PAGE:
Wally Joyner Deserves Some Credit for Dom Brown’s Breakout Season

Wally Joyner Deserves Some Credit for Dom Brown’s Breakout Season

How can a team that employs two hitting coaches – three if you include Phillies skipper Charlie Manuel – also have the 27th-ranked offense in Major League Baseball? There are no simple answers to that question, but we can confirm at least one of the instructors is making his presence felt in the lineup this season.

All of a sudden Domonic Brown is exceeding some of our wildest expectations. With eight home runs over the last nine games, he’s rocketed into first place in the National League, while his 40 RBI and .574 slugging percentage are fifth and sixth respectively. Brown was named the NL Player of the Week for the second consecutive week on Monday, and it was nothing short of a foregone conclusion he would then be named Player of the Month as well.

While Brown’s recent power surge has captivated baseball audiences across the country, signs of his meteoric rise from eternal prospect to All-Star outfielder actually began toward the end of April, after his batting average dipped to a season-low .206. Dom responded with multi-hit games in three of the next four, bumping that figure right back to .241, and he never slowed down since, now up to .282.

But if we really want to trace this success story to its origins, we have to return to Clearwater. A slow start caused people forget about Brown’s white-hot spring, where he led all Phillies players in runs and hits, and tied for the clubhouse lead in home runs and RBI. Even then it was evident there was something different about Domonic Brown this time around.

The reason for his transformation, at least through the eyes of Brown, was obvious: Wally Joyner.

Joyner was hired back in October as the assistant hitting coach to Steve Henderson, only now it seems like the real reason he was brought to Philadelphia was specifically to mentor Brown. The two of them hit it off right away. Matt Gelb, the Phils beat for the Inquirer, got Joyner to recall their initial conversations for a story back in February.

"I came in early and we started talking," Joyner said. "I just asked him to try a couple of things and he locked it right in."

Around the same time, Brown admitted to Sam Donnellon of the Daily News that he found an immediate comfort level with Joyner when pressed for impressions of his new coach.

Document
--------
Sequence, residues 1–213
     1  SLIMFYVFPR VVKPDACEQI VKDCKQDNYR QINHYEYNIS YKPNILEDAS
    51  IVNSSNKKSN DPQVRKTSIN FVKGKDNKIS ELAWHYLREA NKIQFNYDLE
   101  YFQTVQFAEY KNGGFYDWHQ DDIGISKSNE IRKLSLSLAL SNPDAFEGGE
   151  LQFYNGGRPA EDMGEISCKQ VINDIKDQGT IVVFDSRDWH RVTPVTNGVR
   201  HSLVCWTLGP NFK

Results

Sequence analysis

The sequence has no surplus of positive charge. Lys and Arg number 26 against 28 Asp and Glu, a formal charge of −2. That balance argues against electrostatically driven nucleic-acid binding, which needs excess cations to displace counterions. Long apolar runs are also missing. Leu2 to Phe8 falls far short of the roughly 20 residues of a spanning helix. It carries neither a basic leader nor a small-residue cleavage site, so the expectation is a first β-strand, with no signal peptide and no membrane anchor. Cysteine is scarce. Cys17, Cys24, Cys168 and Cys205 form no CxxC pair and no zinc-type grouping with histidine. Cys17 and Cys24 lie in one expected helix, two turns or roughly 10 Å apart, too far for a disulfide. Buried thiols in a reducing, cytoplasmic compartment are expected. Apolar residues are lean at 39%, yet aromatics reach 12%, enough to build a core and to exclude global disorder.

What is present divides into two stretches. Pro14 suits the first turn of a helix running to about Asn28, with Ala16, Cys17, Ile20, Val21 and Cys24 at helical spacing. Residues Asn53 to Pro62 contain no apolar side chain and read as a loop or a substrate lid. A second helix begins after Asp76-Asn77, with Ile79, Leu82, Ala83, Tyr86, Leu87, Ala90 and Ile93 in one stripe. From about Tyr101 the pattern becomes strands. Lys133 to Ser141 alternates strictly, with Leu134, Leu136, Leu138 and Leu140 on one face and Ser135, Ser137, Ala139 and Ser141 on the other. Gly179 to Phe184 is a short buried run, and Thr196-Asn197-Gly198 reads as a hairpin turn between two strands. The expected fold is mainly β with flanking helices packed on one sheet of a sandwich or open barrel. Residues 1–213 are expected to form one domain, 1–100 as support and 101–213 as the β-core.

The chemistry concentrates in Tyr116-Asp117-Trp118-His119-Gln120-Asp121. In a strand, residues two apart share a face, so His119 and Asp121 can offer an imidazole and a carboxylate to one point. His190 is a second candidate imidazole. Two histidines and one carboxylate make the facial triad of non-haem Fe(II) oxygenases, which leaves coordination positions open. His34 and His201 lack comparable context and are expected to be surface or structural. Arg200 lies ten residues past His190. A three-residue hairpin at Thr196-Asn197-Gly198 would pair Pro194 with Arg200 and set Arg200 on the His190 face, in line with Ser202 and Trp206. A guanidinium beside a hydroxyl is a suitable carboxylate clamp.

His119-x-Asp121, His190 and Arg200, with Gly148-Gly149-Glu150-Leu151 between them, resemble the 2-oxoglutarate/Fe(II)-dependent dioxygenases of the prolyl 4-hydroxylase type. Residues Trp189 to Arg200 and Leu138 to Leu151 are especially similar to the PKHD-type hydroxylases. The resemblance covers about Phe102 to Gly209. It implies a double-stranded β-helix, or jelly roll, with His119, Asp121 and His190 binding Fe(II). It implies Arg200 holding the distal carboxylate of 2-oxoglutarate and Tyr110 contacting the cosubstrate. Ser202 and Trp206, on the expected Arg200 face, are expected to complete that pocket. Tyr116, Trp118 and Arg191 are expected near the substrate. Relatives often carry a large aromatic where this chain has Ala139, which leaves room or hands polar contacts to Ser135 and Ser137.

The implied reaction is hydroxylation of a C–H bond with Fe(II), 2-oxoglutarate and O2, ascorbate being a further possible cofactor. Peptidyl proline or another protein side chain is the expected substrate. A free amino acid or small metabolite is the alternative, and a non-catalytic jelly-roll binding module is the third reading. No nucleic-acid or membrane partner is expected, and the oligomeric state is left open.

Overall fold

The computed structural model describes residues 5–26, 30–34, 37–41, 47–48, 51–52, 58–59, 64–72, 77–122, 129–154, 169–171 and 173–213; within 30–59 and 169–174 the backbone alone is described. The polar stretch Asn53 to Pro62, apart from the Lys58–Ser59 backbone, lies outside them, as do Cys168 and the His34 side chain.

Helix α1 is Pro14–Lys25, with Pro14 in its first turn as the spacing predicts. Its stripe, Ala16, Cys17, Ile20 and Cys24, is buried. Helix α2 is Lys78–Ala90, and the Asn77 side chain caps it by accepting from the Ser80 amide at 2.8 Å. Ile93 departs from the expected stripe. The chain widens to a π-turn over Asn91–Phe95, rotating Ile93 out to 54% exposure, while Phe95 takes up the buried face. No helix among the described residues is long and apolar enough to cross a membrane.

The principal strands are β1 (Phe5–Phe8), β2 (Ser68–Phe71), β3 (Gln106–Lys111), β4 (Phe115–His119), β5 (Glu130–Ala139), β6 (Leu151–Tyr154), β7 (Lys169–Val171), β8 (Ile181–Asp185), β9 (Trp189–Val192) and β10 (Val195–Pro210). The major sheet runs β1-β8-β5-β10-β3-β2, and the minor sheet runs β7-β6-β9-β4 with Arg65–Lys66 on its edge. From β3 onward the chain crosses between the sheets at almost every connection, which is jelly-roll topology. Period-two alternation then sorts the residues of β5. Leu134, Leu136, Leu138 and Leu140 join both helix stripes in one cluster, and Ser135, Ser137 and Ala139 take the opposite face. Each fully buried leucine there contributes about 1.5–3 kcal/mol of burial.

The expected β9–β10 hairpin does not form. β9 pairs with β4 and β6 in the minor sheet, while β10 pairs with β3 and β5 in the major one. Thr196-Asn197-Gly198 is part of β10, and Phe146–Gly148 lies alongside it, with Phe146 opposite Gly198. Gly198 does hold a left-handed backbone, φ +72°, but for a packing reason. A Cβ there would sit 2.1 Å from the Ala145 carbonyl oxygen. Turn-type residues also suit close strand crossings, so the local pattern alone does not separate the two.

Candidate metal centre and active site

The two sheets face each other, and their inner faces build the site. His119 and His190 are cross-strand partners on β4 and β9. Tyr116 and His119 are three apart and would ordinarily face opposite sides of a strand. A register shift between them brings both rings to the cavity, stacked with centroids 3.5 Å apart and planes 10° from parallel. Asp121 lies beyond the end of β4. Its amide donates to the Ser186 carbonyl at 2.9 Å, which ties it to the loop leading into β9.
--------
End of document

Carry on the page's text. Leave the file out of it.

"There's a lot of chemistry between us," said the Phillies outfielder. "It's not just baseball, either. It's on the field, off the field. Just making sure that I'm free. Mentally."

Common bonds

In retrospect, the similarities between the two were impossible to ignore from the beginning. Joyner broke into the big leagues with the California Angels in 1986 at the age of 24 – Dom is 25. Both are lefties. Coincidentally, they even went to the same high school in Georgia. Now Brown is bursting on to the scene in a similar fashion to Joyner.

One difference is Joyner was an instant smash. He was voted to his only All-Star game in his first season, helped the Angels reach the ALCS, and finished as the runner-up to Jose Canseco in Rookie of the Year balloting. Until last season’s trade deadline Brown had been pinballing back and forth between Triple A and the show since 2010, setback by injuries, later blocked by the trade for Hunter Pence, and never quite proving he belonged at any point.

Yet that doesn’t mean Joyner doesn’t understand what his protégé was going through, being a young professional athlete in a major media market on whom huge expectations are bestowed. When Brown discusses being free mentally, it’s hard not to apply that to the way he’s conducted himself in interviews during the past couple weeks – calm, thoughtful, graceful.

From what he told Jim Salisbury at camp, dealing with so much attention must have felt like a burden to Dom in the past. Some of the weight seems to have been lifted from his shoulders, whether it has anything to do with Joyner, or that’s just the confidence that comes with knowing his name was going to be on the lineup card every day.